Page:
One of the more annoying types of writing these days concerns “productivity secrets“. These are “tips” that “make it easy” to transcend the self. To go beyond one’s “limitations”. To get slimmer, smarter, faster, richer and on and on and on. So you might, for example, take out the garbage … just like a ninja! Or you can lose 50 pounds while you watch late night TV, slurping a weight reduction shake. Dream on!
To be clear, I am not annoyed by people wanting to become better than they are. That is entirely understandable. I feel the same way. It is annoying, however, to see people duped into believing that this can be achieved easily. That some get rich by duping others into buying sports cars or gadgets or pants or wigs or trips to Monte Carlo, so that folks can suddenly become Cary Grant or James Bond or Grace Kelly. Take your pick.
The result is usually rather sad. Not just because the wig doesn’t really look right or that the pants might be a bit snug in the crotch, though that might be troublesome enough. And not just because the adventure might end badly. I am thinking of the last chapter in “The Great Gatsby”. It is sad because we gradually weaken our connection to what is around us in favor of things that are not really there. We start demanding fantasy, thinking that it is better than reality. Reality becomes what we tolerate until we get the next theatrical jolt. The next “big thing”, whether it is the Super Bowl, or a blockbuster film, or the Olympics. Whatever works.
I am reacting here, I think, to a rather strong cultural influence that one finds in 20th century media. In the 20th century, technology changed the way one could sell things. Radio brought the voice of celebrities into your living room and you could relate to that person as if he or she were there. Of course, they told you what kinds of products they loved. And you bought them. TV went much further, bringing not just the voice, but the person along with his or her fake life style. Watching from the couch, you could see how beautiful and clever people lived. The cars they drove. The clothes they wore. And of course, what brand of cigarette they smoked (the link takes to you a cigarette ad with a funny voice over). BTW, this form of advertising proved to be very powerful indeed. So powerful that in the early 1970’s a republican president (Nixon) signed into law a ban on TV cigarette advertising. It was just too powerful. And why? The celebrities in your living room were giving you phony signals on how to live better — better than you ever could. I call this the 20th century fantasy binge.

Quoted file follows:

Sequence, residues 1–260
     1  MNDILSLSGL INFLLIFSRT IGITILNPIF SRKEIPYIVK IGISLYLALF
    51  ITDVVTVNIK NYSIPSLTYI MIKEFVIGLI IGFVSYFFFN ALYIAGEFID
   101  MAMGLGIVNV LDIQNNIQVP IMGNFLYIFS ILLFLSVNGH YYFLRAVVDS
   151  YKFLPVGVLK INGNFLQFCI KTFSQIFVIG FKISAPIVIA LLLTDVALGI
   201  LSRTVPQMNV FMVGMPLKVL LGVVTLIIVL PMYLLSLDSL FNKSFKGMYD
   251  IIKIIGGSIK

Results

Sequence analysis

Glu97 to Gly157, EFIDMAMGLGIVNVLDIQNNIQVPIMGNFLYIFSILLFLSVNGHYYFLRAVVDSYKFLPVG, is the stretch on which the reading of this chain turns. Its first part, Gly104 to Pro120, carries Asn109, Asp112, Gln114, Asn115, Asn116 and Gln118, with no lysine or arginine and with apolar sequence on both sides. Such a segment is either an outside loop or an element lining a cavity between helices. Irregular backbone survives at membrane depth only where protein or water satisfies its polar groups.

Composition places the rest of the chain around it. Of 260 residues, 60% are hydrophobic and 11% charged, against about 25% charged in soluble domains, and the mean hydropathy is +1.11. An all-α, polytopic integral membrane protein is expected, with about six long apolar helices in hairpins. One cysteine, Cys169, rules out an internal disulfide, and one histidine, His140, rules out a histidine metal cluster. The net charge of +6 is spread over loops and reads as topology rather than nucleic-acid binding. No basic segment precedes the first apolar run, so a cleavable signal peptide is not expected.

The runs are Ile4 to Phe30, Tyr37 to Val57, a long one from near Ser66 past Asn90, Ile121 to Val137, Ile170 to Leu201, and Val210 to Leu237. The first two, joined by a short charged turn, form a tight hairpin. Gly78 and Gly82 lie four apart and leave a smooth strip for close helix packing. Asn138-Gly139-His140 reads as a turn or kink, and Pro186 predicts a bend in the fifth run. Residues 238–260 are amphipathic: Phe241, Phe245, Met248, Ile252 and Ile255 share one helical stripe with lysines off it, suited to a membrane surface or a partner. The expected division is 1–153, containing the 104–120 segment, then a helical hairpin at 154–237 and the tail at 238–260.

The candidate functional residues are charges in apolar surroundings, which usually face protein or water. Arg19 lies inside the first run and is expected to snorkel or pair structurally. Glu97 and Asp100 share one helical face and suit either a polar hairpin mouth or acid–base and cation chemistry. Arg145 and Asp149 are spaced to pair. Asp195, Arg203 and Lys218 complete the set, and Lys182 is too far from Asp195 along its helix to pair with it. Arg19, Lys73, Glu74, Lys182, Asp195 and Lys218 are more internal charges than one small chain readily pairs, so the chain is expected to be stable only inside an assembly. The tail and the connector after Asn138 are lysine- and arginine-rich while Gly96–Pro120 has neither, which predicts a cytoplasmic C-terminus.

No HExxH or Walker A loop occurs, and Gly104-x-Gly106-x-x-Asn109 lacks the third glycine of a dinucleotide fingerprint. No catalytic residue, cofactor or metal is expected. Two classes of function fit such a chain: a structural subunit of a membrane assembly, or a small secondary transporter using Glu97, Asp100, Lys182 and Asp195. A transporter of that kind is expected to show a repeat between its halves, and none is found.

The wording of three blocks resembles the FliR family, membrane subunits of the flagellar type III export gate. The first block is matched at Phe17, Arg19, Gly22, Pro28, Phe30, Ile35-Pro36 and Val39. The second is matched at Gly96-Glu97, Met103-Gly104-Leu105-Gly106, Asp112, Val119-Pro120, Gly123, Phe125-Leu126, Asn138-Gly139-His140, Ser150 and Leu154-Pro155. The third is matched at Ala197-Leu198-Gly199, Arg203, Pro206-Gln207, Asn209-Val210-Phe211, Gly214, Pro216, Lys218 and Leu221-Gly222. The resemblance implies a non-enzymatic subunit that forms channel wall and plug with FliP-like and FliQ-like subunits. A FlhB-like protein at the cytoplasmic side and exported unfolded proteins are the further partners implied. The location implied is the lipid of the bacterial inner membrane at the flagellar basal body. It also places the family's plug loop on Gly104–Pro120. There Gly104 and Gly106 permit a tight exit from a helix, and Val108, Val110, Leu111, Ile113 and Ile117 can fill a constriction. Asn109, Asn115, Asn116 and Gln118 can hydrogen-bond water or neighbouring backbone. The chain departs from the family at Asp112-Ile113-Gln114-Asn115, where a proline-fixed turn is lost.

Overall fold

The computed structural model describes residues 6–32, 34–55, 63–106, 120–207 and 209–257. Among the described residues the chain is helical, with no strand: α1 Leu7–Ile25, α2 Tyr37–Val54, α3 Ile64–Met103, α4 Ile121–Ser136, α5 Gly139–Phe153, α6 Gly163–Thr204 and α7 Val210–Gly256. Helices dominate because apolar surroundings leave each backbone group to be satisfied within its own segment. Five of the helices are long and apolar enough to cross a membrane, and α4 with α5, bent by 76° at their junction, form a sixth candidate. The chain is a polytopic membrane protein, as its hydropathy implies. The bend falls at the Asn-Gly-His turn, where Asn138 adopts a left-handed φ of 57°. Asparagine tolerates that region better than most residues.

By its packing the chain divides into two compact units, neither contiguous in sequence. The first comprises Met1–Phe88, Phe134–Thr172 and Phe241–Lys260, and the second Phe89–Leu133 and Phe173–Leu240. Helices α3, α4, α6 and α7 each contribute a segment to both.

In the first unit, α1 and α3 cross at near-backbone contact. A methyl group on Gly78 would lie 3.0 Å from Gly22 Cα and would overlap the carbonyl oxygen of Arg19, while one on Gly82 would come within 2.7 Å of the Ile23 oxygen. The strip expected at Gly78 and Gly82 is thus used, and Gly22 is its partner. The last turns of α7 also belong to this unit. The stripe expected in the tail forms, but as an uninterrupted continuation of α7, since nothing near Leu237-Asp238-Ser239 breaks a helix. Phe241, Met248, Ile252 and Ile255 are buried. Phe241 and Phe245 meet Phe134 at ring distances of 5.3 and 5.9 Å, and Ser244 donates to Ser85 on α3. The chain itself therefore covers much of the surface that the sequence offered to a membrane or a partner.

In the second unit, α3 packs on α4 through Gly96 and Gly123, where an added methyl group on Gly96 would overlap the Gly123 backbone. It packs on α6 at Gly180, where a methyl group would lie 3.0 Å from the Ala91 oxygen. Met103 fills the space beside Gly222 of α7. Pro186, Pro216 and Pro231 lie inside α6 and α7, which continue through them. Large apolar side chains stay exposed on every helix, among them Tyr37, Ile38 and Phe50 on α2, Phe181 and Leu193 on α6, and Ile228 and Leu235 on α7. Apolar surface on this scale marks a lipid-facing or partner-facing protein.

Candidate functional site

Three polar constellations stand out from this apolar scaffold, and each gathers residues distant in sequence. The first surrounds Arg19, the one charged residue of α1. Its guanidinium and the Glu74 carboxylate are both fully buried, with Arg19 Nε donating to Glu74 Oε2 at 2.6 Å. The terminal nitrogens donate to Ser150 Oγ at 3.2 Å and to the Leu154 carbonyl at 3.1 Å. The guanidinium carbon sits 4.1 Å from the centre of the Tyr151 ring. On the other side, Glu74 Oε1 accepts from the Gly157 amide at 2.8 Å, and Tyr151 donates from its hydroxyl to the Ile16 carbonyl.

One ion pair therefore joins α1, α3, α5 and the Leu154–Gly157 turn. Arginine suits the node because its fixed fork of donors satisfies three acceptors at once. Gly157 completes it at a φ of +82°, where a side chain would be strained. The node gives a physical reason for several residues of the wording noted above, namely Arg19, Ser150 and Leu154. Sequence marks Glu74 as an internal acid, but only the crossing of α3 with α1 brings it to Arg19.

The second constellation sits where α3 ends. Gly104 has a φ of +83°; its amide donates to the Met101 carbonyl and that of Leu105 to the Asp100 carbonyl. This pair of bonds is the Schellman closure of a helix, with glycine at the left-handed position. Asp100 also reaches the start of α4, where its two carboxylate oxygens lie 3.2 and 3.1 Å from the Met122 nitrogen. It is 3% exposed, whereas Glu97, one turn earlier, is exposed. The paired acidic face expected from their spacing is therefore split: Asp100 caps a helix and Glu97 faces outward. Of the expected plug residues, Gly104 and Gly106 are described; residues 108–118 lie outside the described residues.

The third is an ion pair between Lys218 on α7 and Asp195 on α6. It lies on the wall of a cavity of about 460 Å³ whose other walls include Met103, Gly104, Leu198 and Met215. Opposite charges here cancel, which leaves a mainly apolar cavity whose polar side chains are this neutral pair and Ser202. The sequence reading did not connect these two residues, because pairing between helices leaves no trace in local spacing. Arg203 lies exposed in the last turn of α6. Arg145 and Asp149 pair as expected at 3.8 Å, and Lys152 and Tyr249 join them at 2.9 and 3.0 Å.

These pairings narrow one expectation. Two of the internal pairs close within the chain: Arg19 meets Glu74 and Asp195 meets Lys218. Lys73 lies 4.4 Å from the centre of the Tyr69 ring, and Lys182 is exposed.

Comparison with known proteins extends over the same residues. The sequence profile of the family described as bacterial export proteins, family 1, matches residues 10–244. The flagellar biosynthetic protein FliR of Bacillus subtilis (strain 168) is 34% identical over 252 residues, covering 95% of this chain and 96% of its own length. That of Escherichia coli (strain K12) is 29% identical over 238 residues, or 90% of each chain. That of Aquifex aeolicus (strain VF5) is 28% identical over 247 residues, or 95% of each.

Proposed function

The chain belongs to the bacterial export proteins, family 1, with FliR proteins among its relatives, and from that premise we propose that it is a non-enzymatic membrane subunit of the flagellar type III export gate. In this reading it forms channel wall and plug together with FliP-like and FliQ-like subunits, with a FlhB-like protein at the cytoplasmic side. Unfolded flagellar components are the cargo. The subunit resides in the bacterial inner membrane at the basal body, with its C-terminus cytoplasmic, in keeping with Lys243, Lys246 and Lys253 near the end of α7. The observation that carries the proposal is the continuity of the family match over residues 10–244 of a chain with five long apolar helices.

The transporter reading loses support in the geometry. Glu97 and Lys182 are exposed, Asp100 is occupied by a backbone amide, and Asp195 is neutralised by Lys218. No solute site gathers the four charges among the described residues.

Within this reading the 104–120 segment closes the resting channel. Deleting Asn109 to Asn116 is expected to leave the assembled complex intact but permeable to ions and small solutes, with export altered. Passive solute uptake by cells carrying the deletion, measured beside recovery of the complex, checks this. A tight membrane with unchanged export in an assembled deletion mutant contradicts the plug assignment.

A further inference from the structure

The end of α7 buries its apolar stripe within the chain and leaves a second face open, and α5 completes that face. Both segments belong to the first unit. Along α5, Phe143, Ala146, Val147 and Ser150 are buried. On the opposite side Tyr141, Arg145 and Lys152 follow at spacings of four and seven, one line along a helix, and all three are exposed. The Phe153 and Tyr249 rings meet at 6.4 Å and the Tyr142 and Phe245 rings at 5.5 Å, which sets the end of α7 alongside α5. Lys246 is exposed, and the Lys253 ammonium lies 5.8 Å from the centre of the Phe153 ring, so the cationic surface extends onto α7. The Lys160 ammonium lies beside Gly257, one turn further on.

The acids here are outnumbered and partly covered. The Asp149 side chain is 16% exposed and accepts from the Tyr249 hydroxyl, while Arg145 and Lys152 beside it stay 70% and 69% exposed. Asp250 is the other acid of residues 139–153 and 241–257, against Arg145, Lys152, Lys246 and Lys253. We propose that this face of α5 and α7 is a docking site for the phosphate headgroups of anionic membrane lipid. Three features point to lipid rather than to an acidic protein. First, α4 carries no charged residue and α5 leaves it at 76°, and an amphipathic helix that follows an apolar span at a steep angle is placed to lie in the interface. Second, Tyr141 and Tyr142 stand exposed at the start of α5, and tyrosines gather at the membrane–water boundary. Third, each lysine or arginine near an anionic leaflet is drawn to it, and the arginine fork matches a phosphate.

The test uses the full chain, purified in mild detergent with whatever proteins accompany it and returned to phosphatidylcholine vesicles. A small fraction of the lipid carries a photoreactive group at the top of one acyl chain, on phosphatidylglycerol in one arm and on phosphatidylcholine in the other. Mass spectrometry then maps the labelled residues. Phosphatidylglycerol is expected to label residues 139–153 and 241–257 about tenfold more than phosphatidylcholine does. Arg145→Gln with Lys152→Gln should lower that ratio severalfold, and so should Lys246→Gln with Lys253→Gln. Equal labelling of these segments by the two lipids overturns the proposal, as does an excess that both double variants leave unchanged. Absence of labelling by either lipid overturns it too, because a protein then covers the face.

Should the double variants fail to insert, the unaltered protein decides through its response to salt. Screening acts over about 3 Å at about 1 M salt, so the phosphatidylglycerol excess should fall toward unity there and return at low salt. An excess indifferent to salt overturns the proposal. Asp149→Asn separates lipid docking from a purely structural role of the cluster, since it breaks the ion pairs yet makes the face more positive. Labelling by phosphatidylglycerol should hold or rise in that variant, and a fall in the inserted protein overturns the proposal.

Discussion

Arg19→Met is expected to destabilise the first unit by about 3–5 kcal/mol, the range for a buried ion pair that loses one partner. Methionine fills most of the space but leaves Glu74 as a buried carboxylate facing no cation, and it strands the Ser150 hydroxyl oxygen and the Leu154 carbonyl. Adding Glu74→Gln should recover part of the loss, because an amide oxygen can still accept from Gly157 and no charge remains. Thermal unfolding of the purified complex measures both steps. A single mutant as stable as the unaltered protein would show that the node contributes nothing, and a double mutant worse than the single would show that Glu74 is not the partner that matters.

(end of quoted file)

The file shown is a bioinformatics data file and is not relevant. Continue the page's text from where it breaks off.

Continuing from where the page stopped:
There is an antidote. And it is not to try ever harder to become something different than you are. Rich, famous, smart, etc. Sure you can day dream about this. But leave these desires in fantasy land. The starting point is instead to look at what the people around you actually do and ask yourself how can you connect to those activities. How can you make them better? What value can you add? If this is enhanced productivity, it is productive giving rather than taking. And it is a heroic choice at a time when media messaging is primarily about taking rather than giving. But it is not a choice that leads to a poorer life. To the contrary, when you invest in adding value for others, you get a side benefit. You get richer. Funny how that works.
Is this just me ranting? Perhaps. But I have the sense that times are changing. Sir Kenneth Clark argued back in 1969 that we are still the children of the romantic rebellion of the 19th century. Certainly, the 20th century infatuation with the self is one of our inheritances from that rebellion. But in the 21st century, we may finally begin moving beyond it. Not that the self is a bad thing. To the contrary, It is the anchor of our experience and memory. It is just that life offers a bit more than a prolonged dreamlike gaze into the mirror.